That is because there are no seats behind row 2, and so the only time a crew member would go that far down the aisle is when serving you. Also, the “D” seats face the “K” seats, and so the “A” side is only facing a wall. Which makes it feel very private in spite of the suites being “open.”
Departing Hong Kong Onboard Cathay Pacific’s First Class
Going back to the flight itself, shortly after I got onboard, I was offered a pre-departure drink. And, I went with Cathay’s signature mocktail – Oriental Breeze – once again.
Shortly after, another crew member – Mayumi – came by to introduce herself and to bring a hot towel. Then, another one came with customs and immigration forms.
At 8:44AM, the Captain welcomed the passengers and announced that we were going to be delayed about 10 to 15 minutes due to congestion. Around the same time, the menus were distributed.
Another couple of minutes later, the cabin crew came around offering magazines, and they also made an announcement mentioning the flight time of 3 hours and 37 minutes. Once again, too short to enjoy the first class fully, but better than the even shorter flight from Bangkok to Hong Kong!
We were pushed back at 8:49AM – a minute before the scheduled departure time in spite of the prior Captain’s announcement. At this point, it was sunny again. We started taxiing at 8:56AM, making our way to runway 07R.
While the taxi wasn’t too long, the take-off queue was.
And so, it wasn’t until 9:28AM – half an hour after being pushed back – that we finally took into the skies. Besides being able to get nice views of the airport as we lifted off, we were also offered great views of the city.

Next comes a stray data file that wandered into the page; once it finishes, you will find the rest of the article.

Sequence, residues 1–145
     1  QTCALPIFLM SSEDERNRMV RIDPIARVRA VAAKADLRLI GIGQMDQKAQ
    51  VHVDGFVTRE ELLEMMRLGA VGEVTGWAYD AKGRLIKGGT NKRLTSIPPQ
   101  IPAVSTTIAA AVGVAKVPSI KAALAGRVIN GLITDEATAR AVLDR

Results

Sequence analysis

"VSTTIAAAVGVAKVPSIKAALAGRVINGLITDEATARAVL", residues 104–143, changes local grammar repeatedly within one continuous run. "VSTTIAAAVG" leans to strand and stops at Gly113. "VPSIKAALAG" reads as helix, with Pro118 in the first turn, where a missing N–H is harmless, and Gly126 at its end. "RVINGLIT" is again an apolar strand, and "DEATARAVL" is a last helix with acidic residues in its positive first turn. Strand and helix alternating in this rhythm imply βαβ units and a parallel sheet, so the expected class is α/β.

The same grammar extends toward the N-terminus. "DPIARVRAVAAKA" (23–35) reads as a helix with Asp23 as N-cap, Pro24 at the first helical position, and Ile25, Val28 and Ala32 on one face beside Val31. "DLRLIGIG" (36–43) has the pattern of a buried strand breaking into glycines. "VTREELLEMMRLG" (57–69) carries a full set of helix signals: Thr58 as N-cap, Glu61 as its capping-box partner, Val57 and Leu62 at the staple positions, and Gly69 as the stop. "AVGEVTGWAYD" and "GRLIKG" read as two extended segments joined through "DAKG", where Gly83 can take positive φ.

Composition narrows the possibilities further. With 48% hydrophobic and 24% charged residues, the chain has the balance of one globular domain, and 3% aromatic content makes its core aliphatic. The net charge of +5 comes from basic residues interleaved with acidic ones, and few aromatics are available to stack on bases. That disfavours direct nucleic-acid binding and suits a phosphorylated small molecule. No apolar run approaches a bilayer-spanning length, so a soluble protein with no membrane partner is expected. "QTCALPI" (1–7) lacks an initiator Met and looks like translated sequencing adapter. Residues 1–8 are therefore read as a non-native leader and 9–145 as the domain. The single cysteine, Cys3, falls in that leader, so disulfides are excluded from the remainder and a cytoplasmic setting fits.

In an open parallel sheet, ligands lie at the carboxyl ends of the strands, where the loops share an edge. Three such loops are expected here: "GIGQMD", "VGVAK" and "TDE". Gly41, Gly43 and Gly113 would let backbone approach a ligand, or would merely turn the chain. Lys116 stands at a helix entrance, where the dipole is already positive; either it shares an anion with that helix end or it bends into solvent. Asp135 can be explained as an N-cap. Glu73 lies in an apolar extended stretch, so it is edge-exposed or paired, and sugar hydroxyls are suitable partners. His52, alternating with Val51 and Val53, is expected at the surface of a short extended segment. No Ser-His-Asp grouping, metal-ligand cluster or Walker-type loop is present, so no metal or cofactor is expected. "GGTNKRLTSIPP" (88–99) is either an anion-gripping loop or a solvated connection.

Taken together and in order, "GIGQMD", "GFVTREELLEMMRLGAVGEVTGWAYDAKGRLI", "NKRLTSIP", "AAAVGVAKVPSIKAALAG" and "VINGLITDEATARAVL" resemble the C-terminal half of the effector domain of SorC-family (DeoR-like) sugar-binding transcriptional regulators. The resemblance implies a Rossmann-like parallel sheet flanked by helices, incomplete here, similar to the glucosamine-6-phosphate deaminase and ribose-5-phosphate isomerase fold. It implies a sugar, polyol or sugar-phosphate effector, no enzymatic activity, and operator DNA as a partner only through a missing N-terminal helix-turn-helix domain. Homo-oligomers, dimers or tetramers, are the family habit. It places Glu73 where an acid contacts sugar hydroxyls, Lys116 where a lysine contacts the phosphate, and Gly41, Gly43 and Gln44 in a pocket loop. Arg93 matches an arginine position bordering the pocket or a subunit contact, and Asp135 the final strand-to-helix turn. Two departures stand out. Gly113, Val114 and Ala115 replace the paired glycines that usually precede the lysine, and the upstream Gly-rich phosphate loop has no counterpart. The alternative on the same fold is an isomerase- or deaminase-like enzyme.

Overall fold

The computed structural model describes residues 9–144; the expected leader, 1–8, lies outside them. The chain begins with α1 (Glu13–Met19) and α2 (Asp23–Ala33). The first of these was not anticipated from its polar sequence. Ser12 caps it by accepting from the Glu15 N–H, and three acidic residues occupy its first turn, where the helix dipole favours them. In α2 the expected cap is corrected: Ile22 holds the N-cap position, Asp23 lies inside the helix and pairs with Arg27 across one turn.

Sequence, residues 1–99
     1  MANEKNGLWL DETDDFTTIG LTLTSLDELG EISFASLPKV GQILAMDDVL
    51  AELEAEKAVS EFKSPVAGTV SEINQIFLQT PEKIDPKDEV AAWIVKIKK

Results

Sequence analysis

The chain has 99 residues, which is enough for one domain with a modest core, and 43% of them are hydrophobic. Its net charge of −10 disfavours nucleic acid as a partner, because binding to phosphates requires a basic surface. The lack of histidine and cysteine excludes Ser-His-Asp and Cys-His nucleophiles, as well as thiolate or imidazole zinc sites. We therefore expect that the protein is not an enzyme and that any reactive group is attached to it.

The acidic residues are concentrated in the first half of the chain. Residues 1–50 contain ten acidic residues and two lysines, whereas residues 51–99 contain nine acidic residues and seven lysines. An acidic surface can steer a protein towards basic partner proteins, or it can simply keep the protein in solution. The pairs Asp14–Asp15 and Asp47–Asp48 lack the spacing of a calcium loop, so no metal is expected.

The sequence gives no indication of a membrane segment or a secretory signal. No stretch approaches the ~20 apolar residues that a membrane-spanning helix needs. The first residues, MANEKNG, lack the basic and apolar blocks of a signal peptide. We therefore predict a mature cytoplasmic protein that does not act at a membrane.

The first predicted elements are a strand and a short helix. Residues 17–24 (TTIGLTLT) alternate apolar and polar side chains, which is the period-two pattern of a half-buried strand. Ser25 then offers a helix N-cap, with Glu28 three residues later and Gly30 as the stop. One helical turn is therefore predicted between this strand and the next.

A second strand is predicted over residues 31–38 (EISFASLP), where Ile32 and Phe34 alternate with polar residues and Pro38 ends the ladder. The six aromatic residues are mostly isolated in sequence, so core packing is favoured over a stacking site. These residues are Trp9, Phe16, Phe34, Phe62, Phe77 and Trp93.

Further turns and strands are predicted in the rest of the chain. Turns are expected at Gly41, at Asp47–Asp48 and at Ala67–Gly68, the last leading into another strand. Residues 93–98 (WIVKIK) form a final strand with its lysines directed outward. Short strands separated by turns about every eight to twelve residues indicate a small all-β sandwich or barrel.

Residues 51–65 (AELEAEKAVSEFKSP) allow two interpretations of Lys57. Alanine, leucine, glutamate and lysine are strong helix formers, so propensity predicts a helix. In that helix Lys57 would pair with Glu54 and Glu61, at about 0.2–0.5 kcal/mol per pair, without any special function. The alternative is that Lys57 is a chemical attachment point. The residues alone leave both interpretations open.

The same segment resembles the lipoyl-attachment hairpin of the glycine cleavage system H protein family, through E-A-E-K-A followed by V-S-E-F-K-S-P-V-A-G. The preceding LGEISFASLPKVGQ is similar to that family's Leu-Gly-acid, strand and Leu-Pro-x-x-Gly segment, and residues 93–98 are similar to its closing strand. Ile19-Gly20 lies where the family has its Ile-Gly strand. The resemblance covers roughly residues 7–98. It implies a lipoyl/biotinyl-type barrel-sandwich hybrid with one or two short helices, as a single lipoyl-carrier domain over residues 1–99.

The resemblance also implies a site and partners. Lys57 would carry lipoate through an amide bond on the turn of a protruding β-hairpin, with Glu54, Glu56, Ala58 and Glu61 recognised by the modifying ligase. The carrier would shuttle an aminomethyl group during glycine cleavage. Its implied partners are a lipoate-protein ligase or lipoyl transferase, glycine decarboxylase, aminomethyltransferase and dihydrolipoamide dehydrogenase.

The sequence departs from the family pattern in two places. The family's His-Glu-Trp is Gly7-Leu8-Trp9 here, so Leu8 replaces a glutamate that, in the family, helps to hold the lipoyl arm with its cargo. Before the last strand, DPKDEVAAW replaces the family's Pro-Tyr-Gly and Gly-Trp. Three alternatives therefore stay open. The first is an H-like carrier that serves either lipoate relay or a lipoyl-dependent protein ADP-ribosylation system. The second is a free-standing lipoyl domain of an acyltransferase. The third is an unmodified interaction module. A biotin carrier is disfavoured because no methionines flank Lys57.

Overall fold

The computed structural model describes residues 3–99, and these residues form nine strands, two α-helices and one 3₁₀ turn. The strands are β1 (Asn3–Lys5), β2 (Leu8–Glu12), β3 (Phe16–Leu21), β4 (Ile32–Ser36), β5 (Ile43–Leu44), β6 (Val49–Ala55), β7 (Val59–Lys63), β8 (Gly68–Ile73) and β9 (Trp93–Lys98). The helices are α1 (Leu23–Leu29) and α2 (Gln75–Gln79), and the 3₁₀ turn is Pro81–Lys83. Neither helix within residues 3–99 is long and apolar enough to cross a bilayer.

The In-Flight Service Between Hong Kong and Tokyo
The seatbelt sign was switched off fifteen minutes after take-off, and the service commenced.
First, Bose noise-cancelling headsets were distributed. Then, Mayumi came to take my breakfast order.
While waiting for the breakfast to be served, I reclined my seat and continued watching Silicon Valley from where I ended on the last flight.
Just a couple of minutes later, my table was set up, and the bread basket and fruits plate were brought. The fruits were fresh and tasty, while the contents of the bread basket – warm pastry, croissant, and chocolate muffin – didn’t disappoint either.
Once I was done with the fruits, cornflakes and yoghurt followed.
Finally, after finishing the cornflakes (I left the yoghurt for after the main), the dim sum was brought.
With the table cleaned and folded, I reclined my seat into full flat bed – and watched some more of Silicon Valley before falling asleep for about an hour.
Arriving at Tokyo Haneda Airport
About the time I woke up, the Captain came on the PA announcing that we would be starting our descend in ten minutes – and notifying the cabin crew that about thirty minutes were left until landing.
The seat belt sign was switched on at 1:44PM Japan time, and so I went to also open the three window blinds. Before I managed to do so, however, one of the cabin crew members came around saying:
Please, please, please, allow me [to open the blinds]. Did you have a good rest?
While I thought it was a nice touch, it was also the only time where I felt like it was too much attention for my liking.
In either case, less than ten minutes later, the cabin crew was asked to take their seats for landing. And, at exactly 2:00PM, we touched down on Haneda’s runway 34L.